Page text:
Monday, November 08, 2004

Functionality is dead

Erik Keller at AMR continues to hit the mark, in my opinion. In a research note entitled, "Functionality is dead", he makes the case that what software buyers are really interested in these days is not more functionality that they probably won't be used anyway but ease of use.
[W]hile technological and functional requirements are important, so too are applications that will be embraced by real people. One of the largest problems that enterprise applications have is that they are too hard to use. For such applications, if users can avoid them to get their job done, history has shown that they will. This truth has manifested itself in countless enterprise applications being used the bare minimum, which has made it harder for IT organizations to show a positive return on their investment.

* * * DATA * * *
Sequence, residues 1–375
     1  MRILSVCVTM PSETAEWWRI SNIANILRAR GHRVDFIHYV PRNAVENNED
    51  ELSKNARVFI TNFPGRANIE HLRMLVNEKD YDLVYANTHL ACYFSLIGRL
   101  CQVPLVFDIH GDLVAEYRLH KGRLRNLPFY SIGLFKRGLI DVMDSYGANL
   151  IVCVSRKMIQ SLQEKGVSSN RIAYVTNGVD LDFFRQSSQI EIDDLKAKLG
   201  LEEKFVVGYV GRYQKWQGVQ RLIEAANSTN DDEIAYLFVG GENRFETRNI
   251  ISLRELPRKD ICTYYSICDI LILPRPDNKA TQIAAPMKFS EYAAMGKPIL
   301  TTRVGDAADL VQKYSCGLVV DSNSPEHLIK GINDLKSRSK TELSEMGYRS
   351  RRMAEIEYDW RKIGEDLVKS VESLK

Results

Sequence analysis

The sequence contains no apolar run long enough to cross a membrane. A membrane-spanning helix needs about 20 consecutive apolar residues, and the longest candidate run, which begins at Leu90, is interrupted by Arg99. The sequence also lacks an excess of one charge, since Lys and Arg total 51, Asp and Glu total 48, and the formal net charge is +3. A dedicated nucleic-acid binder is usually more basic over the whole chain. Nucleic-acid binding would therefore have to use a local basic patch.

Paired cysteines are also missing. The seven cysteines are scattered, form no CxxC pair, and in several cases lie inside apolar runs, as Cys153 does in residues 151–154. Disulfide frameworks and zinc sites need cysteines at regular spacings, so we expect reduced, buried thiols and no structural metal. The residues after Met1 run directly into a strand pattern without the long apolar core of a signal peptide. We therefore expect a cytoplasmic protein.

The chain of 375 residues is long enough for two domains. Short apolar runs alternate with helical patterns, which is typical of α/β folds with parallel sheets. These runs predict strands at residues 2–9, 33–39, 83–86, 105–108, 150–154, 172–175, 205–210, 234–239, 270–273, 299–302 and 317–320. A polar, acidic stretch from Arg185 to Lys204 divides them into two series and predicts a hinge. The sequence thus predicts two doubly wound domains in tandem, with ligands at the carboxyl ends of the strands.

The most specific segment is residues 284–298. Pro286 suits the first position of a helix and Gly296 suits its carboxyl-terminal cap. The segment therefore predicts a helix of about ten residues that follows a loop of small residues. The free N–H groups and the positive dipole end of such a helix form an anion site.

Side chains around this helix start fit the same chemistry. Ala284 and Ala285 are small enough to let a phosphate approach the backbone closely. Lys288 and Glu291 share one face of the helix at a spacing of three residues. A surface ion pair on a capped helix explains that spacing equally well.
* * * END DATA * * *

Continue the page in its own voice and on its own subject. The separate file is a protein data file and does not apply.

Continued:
Keller points to simple applications such as Microsoft's sales force automation product and as examples of simple, easy-to-use applications, especially when compared to complex CRM products such as Siebel's and PeopleSoft's.

I've often said that a simple application that actually gets used is far better than a sophisticated application that sits on the shelf.

Related posts
ERP implementation: putting processes and people first
Four problems with ERP
Solving the four problems with ERP
Business changes needed to ensure enterprise system success
Executives hesitate to recommend their ERP vendors

No comments: